What can you do to ensure there are no surprises? Check your own credit in advance and tell the landlord about any potential problems that could be an issue.
How Do I Check My Own Credit?
Will you be renting a home or apartment in the not-too-distant future? Prepare yourself by getting your credit report in advance. An easy way is to sign up for two free credit scores from Credit.com.
The score a landlord receives may be a slightly different number, but all credit scoring models generally take into account the same five factors:
- Payment history
- Debt amount
- Account mix
- Credit history age
- New credit accounts
With your own credit report in hand, ask the property manager or landlord to review the report and see whether it’s worth it for you to apply. You can also ask them if they’ll let you use a service like Experian Connect to purchase a credit report that you can share with people you authorize. Equifax offers a similar service called Identity Report, and TransUnion’s service is called SmartMove.
The landlord may still want a full tenant screening, but if you can provide your own credit report up-front, they can tell you whether you have a chance before you agree to lengthier—and possibly pricier—processing.
Can I Rent if I Have Bad Credit?
If you have bad credit, you might be wondering whether you can rent at all—but don’t worry!
“Just because you have bad credit doesn’t mean you aren’t going to pay your rent on time,” says Matt Briggs, founder of RentTrack, a company that helps renters build their credit by paying through an online portal.
Landlords know that renters usually don’t have perfect credit. Often the biggest concern is whether you pay your rent on time. Historically, information about rent hasn’t been included in standard credit reports, and confirming on-time rent payments can be a tedious process of contacting former landlords. But recently, some rental payment history has started to appear on some credit reports, and companies like RentTrack can help people build credit through on-time, trackable payments.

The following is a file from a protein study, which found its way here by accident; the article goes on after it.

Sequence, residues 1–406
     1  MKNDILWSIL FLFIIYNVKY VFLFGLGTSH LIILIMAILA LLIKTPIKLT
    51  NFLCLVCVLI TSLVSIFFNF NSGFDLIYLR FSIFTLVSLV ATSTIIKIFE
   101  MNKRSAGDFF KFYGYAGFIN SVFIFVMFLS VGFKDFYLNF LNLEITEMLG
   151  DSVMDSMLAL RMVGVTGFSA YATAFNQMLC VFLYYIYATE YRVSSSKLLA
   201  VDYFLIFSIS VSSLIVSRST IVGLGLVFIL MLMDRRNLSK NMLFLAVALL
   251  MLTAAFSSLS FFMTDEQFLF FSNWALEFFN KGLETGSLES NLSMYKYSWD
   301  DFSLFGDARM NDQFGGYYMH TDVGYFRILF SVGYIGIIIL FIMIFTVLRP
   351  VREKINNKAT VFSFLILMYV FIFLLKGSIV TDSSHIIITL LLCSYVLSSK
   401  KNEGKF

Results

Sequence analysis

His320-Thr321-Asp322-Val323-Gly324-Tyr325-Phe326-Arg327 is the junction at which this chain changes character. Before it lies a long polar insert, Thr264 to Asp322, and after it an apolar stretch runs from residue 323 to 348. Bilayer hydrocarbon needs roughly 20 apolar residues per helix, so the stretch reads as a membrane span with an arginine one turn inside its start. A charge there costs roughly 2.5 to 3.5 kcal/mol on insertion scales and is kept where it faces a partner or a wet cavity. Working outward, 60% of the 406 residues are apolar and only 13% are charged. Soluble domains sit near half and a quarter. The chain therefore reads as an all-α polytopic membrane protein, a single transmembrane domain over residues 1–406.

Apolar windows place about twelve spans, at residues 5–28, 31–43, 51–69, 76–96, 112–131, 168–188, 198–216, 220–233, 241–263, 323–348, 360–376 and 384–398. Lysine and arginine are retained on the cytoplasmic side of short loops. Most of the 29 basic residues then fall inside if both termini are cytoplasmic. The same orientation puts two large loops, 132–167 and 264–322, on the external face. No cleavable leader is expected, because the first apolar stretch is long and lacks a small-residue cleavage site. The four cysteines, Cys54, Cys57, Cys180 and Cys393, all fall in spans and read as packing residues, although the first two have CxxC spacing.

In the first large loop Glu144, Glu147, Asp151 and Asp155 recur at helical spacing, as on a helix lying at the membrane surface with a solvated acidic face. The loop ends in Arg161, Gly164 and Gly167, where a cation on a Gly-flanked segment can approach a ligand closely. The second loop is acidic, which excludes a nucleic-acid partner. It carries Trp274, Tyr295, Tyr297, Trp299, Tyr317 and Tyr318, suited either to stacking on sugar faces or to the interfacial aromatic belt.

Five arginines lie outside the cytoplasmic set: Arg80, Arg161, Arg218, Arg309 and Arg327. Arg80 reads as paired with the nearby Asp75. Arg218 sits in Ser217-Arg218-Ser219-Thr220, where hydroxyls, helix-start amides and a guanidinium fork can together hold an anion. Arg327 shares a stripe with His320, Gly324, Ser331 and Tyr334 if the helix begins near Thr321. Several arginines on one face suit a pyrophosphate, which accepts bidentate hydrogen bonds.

“Experian was the first company to include positive rent information in credit reports,” Griffin explains. Experian gathers this information from three companies: ClearNow, WilliamPaid, and RentTrack. When tenants pay rent using one of these online platforms, the payments get reported to Experian—and TransUnion also reports rental payments when available. However, note that you or your landlord have to sign up for one of these services for your rent payments to be included in your credit file.
It’s also important to note that if you’ve had unpaid rental payments that were eventually turned over to a collection agency, the collection account will show up on your credit report. Accounts in collection can severely lower your credit score, making it more difficult to rent another place in the future. So be prepared to explain your situation if necessary, and take steps to pay off those accounts to show that you’re committed to meeting financial responsibilities.
Can I Rent with No Credit History?
If you’re a student, a recent immigrant, or newly divorced, you may have a particularly hard time renting for the first time, especially if you haven’t established your own credit history.
But if you can find a place, consider paying rent through a rental payment reporting company like RentTrack to build your credit. In the meantime, a landlord may rent to you—even if you have no credit—if you can find a cosigner with good credit. To increase your chances of approval, you could also offer to pay the first and last months’ rent or a higher security deposit.
If none of those options work, consider looking for a cheaper place to rent where the landlord may have less strict credit requirements.
Once you’re in, start building your credit. Pay down balances on your credit cards, make all payments on time, pay more than the minimum payments, and avoid carrying large balances on your accounts.
More on Credit Reports and Credit Scores:
- How Renting Can Impact Your Credit
- 5 Tips for Renting a Home with Bad Credit
- Can You Be Denied an Apartment Because of Bad Credit?